- Strongly consider having your cat microchipped prior to travel, so they can be easily identified and returned to you if you become separated.
- Consider treating your cat with a flea and tick preventative prior to travel – you never know who was in that hotel room before you!
- If your cat is showing signs of carsickness or extreme anxiety after a couple of trial runs, talk to us about the safe use of medication.
As with cats, safety, and security are extremely important in the car. For small and medium-sized dogs, a large travel crate can provide a safe haven without them feeling cramped and trapped for hours on end. You can put some bedding in for comfort, as well as toys and treats. Seatbelt harnesses (available online) may offer safety and some mobility in the car for some dogs. Some SUV’s can be fitted with a barrier or a sling across the back seat that keeps pets safely in the back of the car. Try different methods to see which works best for your dog, prior to your travel date. Whichever method you select, make sure there is a safe, non-slip surface under the dog and carrier.
- Prepare the car for your dog’s arrival and comfort.
- About 15 minutes before bringing your dog to the car, spray a pheromone, such as Adaptil, or a scent like diluted lavender, in the car.
- Allow your dog to acclimate to the surroundings of the car for 5-10 minutes before starting your drive.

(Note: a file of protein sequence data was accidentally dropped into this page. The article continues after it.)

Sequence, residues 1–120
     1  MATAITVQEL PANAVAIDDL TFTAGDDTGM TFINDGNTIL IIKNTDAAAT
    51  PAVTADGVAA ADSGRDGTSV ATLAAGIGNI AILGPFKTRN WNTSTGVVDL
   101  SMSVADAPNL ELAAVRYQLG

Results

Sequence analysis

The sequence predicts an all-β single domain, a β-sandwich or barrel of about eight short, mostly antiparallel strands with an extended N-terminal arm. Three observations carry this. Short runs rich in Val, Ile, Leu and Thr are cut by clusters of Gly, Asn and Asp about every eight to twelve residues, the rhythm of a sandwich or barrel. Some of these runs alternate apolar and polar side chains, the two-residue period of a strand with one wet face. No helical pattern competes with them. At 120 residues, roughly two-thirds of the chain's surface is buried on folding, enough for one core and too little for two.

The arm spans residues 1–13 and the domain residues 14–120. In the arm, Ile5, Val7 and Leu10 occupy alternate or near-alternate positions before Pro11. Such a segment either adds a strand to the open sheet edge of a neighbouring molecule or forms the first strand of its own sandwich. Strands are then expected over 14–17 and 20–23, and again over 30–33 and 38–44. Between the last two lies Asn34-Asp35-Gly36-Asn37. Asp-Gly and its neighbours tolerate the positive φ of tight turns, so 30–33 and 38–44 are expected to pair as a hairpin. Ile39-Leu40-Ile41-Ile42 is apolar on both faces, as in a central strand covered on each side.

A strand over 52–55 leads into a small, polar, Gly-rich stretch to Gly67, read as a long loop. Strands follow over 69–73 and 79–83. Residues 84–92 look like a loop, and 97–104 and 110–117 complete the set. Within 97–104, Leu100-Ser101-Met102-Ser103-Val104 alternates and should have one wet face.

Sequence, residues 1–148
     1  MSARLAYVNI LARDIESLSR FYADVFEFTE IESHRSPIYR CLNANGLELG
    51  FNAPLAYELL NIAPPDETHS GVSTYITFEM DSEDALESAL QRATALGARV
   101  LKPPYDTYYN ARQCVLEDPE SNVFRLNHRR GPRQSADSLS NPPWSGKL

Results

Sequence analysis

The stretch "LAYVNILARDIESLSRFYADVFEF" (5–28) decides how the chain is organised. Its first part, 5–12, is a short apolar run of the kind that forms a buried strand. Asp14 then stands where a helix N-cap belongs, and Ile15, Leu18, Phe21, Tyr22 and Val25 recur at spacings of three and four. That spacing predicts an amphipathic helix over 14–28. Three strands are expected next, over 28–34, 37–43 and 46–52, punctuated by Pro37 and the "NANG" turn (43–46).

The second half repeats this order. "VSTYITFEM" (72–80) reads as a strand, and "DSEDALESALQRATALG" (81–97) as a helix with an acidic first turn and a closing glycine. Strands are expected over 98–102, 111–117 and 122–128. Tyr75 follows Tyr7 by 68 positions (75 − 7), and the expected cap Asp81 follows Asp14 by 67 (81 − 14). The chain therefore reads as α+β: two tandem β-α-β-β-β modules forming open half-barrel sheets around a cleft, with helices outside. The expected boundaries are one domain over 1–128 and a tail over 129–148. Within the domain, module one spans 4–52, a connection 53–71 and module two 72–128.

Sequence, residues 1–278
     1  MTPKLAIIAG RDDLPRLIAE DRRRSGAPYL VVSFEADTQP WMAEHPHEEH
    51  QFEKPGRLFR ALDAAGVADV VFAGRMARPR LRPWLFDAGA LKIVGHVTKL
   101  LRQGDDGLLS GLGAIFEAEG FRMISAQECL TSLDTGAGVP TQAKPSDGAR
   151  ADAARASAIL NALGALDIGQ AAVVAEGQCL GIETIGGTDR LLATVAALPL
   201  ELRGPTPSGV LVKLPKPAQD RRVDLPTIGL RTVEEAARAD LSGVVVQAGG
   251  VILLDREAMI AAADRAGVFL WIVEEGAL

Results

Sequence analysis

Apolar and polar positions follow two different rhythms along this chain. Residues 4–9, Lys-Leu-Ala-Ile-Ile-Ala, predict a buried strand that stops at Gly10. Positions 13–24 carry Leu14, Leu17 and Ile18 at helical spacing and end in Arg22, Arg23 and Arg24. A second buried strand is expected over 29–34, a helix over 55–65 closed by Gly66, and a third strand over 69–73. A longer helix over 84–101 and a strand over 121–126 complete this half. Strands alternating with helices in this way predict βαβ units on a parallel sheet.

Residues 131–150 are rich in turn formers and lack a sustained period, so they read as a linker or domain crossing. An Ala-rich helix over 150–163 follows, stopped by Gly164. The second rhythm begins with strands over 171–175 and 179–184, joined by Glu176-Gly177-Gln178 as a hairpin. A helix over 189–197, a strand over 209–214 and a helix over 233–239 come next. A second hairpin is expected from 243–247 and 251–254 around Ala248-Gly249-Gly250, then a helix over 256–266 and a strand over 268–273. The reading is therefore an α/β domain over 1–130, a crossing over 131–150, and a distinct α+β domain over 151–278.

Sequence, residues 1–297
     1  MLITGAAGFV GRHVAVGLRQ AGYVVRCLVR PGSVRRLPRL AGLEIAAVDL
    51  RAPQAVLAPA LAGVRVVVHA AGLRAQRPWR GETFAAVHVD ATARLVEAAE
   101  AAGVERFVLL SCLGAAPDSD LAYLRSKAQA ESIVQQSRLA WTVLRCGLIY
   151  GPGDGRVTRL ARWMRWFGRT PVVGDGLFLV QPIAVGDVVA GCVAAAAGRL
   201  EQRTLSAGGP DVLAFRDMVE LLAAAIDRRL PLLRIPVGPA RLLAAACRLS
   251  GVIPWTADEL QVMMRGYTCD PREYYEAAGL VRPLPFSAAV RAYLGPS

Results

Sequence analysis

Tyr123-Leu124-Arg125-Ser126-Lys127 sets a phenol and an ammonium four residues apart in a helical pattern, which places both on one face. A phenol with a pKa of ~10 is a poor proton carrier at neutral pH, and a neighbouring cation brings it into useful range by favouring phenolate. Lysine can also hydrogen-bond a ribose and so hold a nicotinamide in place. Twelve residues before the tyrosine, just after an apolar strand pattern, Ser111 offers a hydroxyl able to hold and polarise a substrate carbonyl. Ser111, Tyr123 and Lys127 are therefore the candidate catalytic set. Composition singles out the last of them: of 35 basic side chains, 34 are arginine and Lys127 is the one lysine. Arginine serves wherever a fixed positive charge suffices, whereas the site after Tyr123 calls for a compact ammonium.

- Perform trial runs in the car for short distances, and reward your dog with some treats when you get back home to give them something to look forward to.
- Be sure to pack a “doggie bag” with food, water, bowls, collars, leashes, toys, clean bedding, paper towels, treats, trash bags, medications, identification (including pictures), and important medical and vaccination records.
- Treat your dog with a flea and tick preventative prior to travel – especially if you’re going to stay in hotels. You never know what pets were there before you.
- For nervous dogs, herbal remedies such as Anxitane or Xylkene, or Rescue Remedy may be helpful before or during the trip.
- Speak to your dog in calm soothing tones. Dogs can pick up on our stressful feelings, so try to maintain a calm demeanor prior to and during travel.
- Strongly consider having your dog microchipped prior to travel, so they can be easily identified and returned to you if you become separated. At the very least, make sure your dog is wearing its collar with ID tags.
- If your dog is prone to car sickness or extreme anxiety on car trips, talk to us about the safe use of medications to help reduce the fear of travel.
- Prepare the car for your dog’s arrival and comfort.
- If your pets are not great travelers, and you want to get them there quickly, flying might be a better option. It is important to get them used to the carrier before travel day. If possible, fly with cats and small dogs in the cabin, rather than in the belly of the plane. Most airlines now allow a certain number of small pets to fly in the cabin, but you must reserve their slots ahead of time. Larger dogs will need to fly in special pet-friendly, pressurized areas of the plane. Be sure to bring a few things with you:
- Place a sheepskin or other comfortable non-slip bedding in the bottom of the carrier, especially something that your pet can burrow under if she needs some security. (Exceptions are always made for pets that are chewers – we don’t want anyone eating the bedding in flight!)
- Spray some Feliway or DAP (dog appeasing pheromone) in the carrier before leaving. Nowadays you can’t bring a spray can on the plane with you, so spray everything before you leave.